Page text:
URI in a Database

This vendor’s application has been a headache for me for over a year now. We are getting close to upgrading, but there are some issues. One is why data in the new version is missing. I finally got the vendor to give me a query in the new version which was enough for me to figure out how to find the same data in the old version.

16686579989_02eba2c292
Shrug by Tom Hilton

Everything I check between the two databases is consistently the same across the systems. So, why are the user interfaces different? See image right.

I have done a lot of querying now trying to gain some insight into the black box since the front line support workers are not getting me helpful information out of their “additional resources.” I’ve asked to talk to a DBA, but they do not respond to that part.

Something hurts my brain is that every table’s primary key is name “uri.” Yes, everything is a Uniform Resource Indicator. (If everything is an uri, then effectively nothing is an uri.) But then when TableA needs to reference something from TableB, then it actually has a column that describes what it is. Except in this one case I am struggling to understand where the recordUri does not match the record table’s uri column.

So what does it match? See image.

An annotated schema would help out so much right now.

My guess is a table moved and broke a customization.

I suspect the choice of URI as an acronym is because of the HTTP protocol. For a web site address, one has the protocol in http:// and the full qualified domain name like ezrasf.com and everything starting with the next slash after is the URI. And that is what set me off to write this post.

On This Day & Friendship

The image that a specific friend failed to like

When I look through Facebook’s On This Day feature, sometimes I am startled to see that someone I expected to like a specific post did not.

This reminded me that what I post often is targeted. There are a handful of people who I know follow my posts and will appreciate them.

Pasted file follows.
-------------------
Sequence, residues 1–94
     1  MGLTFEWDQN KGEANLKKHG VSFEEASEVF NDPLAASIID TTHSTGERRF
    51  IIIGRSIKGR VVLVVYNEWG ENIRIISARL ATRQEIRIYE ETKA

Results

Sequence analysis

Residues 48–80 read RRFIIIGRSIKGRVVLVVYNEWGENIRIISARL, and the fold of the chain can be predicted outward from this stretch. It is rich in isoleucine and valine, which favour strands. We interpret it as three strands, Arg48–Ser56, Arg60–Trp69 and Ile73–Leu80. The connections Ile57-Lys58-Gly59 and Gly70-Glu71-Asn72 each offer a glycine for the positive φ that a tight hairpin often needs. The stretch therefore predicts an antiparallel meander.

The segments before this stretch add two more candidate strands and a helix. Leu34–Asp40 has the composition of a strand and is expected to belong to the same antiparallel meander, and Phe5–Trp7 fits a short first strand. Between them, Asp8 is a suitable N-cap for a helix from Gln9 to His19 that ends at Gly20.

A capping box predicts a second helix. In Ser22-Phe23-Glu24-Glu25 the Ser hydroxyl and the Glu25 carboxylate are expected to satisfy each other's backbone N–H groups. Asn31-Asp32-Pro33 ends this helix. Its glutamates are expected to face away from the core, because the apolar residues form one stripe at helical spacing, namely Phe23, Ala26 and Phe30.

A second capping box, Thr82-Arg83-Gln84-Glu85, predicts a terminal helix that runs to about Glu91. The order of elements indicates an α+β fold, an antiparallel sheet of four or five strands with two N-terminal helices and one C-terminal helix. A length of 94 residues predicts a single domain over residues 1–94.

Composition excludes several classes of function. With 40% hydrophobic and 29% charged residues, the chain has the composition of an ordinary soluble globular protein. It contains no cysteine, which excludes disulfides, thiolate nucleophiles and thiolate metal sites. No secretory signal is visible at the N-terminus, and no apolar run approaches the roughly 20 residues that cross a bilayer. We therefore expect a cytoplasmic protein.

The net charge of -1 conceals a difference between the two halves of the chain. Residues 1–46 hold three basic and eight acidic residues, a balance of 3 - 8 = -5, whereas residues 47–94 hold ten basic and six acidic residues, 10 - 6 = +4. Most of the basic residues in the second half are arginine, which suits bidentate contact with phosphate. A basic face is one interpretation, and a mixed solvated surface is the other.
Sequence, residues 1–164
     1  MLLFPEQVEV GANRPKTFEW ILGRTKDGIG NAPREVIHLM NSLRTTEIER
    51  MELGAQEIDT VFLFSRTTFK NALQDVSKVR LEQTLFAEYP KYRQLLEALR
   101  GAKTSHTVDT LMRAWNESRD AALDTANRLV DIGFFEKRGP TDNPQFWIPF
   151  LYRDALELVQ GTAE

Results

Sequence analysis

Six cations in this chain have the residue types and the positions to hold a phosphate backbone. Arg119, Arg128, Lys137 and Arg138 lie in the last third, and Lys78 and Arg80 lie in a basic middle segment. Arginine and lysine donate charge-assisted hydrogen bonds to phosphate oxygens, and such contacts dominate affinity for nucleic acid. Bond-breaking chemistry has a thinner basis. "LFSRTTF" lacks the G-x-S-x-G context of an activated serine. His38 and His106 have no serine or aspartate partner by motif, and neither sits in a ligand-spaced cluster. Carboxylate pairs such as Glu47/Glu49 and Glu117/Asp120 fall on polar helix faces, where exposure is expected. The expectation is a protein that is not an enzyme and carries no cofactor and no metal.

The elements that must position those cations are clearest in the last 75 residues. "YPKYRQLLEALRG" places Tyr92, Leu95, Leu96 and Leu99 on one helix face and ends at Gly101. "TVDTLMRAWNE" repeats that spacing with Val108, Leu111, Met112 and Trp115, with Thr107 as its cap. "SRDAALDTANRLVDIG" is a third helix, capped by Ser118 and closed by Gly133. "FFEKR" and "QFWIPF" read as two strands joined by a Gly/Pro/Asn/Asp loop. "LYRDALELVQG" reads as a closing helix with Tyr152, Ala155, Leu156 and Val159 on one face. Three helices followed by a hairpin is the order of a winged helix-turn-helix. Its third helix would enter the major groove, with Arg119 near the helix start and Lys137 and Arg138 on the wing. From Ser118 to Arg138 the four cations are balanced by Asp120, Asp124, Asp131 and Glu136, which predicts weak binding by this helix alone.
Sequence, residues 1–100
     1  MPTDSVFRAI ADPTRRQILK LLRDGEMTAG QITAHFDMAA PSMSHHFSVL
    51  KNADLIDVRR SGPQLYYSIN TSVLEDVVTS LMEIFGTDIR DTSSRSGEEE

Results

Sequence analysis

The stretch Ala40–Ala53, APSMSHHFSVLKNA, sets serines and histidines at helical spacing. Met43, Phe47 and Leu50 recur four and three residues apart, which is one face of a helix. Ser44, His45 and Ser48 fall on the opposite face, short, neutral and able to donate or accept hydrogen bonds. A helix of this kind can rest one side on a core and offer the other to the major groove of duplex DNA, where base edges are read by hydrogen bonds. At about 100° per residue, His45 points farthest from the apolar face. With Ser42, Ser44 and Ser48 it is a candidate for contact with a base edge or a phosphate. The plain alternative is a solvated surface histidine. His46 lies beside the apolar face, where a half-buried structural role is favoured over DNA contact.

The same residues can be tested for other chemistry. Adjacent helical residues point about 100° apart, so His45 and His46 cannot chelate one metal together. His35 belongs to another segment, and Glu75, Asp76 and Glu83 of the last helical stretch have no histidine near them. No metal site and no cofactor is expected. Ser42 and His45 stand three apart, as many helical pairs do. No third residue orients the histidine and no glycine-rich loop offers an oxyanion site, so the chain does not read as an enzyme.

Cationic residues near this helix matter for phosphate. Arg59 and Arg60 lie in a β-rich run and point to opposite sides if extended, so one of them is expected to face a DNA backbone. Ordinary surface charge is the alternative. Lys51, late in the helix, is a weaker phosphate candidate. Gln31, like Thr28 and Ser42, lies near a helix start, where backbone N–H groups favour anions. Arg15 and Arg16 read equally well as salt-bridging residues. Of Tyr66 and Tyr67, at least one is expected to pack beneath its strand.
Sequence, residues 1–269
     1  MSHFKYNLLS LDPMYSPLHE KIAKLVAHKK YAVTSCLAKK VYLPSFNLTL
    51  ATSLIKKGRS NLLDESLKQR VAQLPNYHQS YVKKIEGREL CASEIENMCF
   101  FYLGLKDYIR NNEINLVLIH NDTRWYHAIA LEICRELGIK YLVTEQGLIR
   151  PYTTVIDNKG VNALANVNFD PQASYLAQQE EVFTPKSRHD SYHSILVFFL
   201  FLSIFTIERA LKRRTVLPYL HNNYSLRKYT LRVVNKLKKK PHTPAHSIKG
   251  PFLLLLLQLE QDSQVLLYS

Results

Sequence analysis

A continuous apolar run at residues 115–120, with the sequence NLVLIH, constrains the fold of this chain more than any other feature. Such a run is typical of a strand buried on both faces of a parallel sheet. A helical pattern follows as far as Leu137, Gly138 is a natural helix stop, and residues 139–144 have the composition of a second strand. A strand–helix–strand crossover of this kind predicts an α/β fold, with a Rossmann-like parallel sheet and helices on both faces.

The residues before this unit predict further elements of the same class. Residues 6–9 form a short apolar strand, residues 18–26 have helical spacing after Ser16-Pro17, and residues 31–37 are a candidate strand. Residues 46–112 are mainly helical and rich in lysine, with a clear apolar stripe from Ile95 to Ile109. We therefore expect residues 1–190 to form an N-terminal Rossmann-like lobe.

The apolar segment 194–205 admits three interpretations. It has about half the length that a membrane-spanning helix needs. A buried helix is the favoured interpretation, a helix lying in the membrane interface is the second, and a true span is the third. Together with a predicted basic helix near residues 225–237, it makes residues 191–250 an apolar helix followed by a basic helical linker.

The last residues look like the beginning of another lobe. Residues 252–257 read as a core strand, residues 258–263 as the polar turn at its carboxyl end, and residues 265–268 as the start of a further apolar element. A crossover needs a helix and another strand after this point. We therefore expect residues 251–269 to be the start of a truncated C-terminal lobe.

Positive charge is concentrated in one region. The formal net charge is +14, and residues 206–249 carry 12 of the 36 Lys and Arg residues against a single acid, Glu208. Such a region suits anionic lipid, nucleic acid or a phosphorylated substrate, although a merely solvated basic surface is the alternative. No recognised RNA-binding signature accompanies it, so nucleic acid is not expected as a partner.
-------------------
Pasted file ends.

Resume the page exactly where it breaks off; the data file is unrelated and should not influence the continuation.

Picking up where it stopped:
Friends are people who have shared experiences and/or interests. Those I target with a post are not usually tagged or named even when I intend for them to see it. The game is for them to see it as an inside joke. So for them to fail to like the post, I feel like I failed the friendship. It is like saying something that is an inside joke and get no smile.

Are we even still friends? (Sorry, just being melodramatic.) Probably. It is just a single data point. There would need to be a consistent pattern of misses.

Common sense is cultural 

Common sense is not so common. At least not in the sense that what we think are common sense behaviors are universal agreed upon across all of humanity. 

An example: In a western culture, we tend to value the individual, so we think it common sense that we do things that benefit us. In an eastern culture, they tend to value the group, so they think it common sense that they do things that benefit the group.

We also are mired in groupthink that our tribes have the only correct values in humanity. So, the values of others occasionally cause conflict when members come into contact. A friend was upset about something neighbors did. One of the comments from someone sharing the friend’s values was that it is just common sense not to behave the way the people from another culture did. I wanted to reply that from the perspective of the other people, it is common sense to behave in this offensive way.

I did not because it was only going to make them defensive and cause unnecessary anger. People strongly defend their values. My questioning their values would be counterproductive. And having brown skin would lead to saying if I am not willing to share these values, then I should go home.

The funny thing? Best I can tell, all my ancestors going back 100 years were born in America. I just am introspective enough to try and understand how people work. And that leads me to consider other perspectives and give people some leeway. Given my Baha’I Faith upbringing, this consideration is just common sense.

Unsticky Likes

Like Stamp 1
Credit: Joy Powers

Of late, I have been featured in some posts that generate many comments on Facebook. Naturally, I like these comments.

So when a new one comes in and old ones I thought I previously liked no longer show them being liked, it was noticeable. Over the past few months, I have seen the behavior over and over.